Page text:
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Help - want to see the moon’s craters in detail

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Hi all


i have a skywatcher az gti 130mm. I’m a very new newbie.

i have a 10mm, and a wideview and 2x Barlow lenses. I can see the moon but when I zoom in I can’t see the detail enough . Attached is my best close up that’s clear enough 

Hoping to fix this, i bought a 5x Barlow hoping to see the moons craters but it was just blurry. I can’t even return this anymore 

any help with what lens I should buy, I was thinking of buying a 6mm? I’m trying to see the craters of the moon in more detail and then make a start on the planets.


Edited by J123
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  • J123 changed the title to Help - want to see the moon’s craters in detail

Don’t worry, sure there is a way around this. 130mm reflectors can produce very sharp views of the moon and it’s craters. The theoretical upper limit of magnification in your ‘scope by the usual 2x aperture in mm convention would be 260x. I think your ‘scope has a focal length of 650 mm, so this upper limit would be achieved using a 2.5 mm eyepiece. However that’s quite an extreme focal length, particular for you ‘scope design so you’d probably be better off  with lower mag. 130x would be more than reasonable and could be achieved using your 25mm (is that your “wide field” focal length?)  and the 5 x Barlow. I wonder though if you are referring to zooming in with your phone/camera - do you see good crater detail visually at the eyepiece? Maybe it’s the photography side of things that is adding to the lack of clarity. Have you come across collimation at all? This is the term that refers to alignment of the mirrors/ optical path to  ensure sharp views - it could be that it is that that needs paying attention to also. A few variables here - would be helpful to have some more information before recommending eyepieces - although it is certainly the case that a reasonable fairly low cost upgrade to the standard supplied eyepieces would make a significant difference to you. 

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@Orange Smartie makes a good point - detail along the terminator was striking last week but Is vastly different this. Having said that you’d still expect sharp views and images now, just without the contrast and shadow detail. Have a look at some of the images of even the full moon in this forum to see what is possible.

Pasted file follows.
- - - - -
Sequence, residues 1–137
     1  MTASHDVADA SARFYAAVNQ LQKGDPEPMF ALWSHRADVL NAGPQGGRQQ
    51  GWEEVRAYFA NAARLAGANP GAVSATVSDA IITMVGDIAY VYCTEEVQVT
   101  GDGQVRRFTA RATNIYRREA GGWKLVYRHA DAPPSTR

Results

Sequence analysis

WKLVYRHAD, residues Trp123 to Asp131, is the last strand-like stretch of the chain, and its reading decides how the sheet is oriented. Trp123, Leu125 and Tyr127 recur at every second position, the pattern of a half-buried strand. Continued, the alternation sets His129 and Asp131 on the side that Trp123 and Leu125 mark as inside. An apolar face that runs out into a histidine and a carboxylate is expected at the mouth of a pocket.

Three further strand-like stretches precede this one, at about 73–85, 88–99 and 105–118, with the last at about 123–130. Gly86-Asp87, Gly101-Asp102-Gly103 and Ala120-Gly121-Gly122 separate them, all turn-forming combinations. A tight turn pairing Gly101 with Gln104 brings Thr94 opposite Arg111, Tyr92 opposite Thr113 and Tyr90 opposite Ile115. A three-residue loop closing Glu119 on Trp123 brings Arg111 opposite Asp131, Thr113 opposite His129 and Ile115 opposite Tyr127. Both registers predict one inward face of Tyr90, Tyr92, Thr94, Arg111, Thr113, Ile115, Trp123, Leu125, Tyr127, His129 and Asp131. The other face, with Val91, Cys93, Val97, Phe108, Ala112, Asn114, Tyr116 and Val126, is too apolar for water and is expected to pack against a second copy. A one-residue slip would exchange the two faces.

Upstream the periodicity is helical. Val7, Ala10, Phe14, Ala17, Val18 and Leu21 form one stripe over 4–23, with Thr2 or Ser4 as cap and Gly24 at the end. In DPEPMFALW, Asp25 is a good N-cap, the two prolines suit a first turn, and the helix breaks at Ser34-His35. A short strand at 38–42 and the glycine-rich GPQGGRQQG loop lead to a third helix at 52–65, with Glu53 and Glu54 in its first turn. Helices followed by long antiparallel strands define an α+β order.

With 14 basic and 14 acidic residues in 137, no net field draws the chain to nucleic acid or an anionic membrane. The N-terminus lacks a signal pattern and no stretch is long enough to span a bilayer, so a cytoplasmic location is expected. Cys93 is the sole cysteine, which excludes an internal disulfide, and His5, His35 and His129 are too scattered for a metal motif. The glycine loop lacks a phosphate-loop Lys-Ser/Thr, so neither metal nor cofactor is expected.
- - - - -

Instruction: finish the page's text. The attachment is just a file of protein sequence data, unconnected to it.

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There are a number of issues  that can have an impact on the quality of the image at the eyepiece.

Some may be environmental, such as; in the summer, the moon can be relatively low in the sky,  so turbulence in the thicker depth of atmosphere can affect the view. 

Similarly, depending on the position of the jetstream,  high altitude winds can cause poor viewing. ( see here https://www.netweather.tv/charts-and-data/jetstream ).

Also, if your scope hasn't been collimated since it was unpacked,  then the mirrors may well be slightly out of alignment,  and you're not going to get the best views.  

And,  as had been mentioned,  the best views will be along the terminator,  so best to observe in the week to ten days after new moon (or before the new moon if you are an early riser). 

Edited by Gfamily
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Another small point to consider is that a lot of the cheaper 5x barlows are like milk bottles. Also using it with your 10mm is going to be 325x. This is too much for a 130ml reflector. You would need fantastic seeing with a well collimated telescope to even get close. Take a step back and grasp the basics. Check the collimation of your reflector first. There’s many great guides on the forum. Good luck 

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On 13/06/2022 at 22:08, J123 said:

any help with what lens I should buy, I was thinking of buying a 6mm? I’m trying to see the craters of the moon in more detail and then make a start on the planets.

My suggestion is DONT buy any more eyepieces until you have mastered how to get best focus with your current setup. Slowly go up from 10mm to higher magnifications. This way you will realise if scope needs collimation etc. As others have mentioned its not just the eyepiece that gives you a clear picture, there are other factors like stability of mount, alt of planet/moon etc.

Edited by AstroMuni
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